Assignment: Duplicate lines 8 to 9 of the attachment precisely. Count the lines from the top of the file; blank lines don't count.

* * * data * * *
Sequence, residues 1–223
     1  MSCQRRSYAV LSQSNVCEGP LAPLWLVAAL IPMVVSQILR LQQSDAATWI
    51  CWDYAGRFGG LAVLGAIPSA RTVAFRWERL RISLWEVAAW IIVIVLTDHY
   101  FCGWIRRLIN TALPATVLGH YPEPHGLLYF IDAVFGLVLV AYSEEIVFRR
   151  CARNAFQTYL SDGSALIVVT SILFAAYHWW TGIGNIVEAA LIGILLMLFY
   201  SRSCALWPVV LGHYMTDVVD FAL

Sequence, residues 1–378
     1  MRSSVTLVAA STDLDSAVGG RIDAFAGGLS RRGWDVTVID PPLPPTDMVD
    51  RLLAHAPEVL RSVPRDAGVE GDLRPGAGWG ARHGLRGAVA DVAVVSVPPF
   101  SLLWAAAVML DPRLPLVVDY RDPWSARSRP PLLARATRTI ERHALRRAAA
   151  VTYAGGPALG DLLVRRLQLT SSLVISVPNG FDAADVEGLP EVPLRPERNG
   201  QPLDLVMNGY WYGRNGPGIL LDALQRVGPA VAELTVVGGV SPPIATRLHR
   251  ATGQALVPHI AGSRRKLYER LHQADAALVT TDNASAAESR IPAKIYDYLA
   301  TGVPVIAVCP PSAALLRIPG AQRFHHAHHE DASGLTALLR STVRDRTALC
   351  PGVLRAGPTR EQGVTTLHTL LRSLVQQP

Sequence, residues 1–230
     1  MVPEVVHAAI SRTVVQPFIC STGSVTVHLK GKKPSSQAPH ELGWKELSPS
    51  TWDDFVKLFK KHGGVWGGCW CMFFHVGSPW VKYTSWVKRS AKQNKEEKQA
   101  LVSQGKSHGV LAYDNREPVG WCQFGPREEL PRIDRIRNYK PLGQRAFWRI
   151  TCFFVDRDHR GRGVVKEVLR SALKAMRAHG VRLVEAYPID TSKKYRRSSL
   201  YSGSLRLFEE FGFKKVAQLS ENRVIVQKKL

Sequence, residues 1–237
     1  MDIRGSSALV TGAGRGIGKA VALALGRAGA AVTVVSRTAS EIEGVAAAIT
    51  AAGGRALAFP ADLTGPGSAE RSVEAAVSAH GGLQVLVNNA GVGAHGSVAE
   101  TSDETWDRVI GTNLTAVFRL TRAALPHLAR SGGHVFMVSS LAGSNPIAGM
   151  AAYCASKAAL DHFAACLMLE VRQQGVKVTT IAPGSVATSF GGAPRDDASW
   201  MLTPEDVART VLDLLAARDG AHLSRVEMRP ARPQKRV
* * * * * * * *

     1  MRSSVTLVAA STDLDSAVGG RIDAFAGGLS RRGWDVTVID PPLPPTDMVD
    51  RLLAHAPEVL RSVPRDAGVE GDLRPGAGWG ARHGLRGAVA DVAVVSVPPF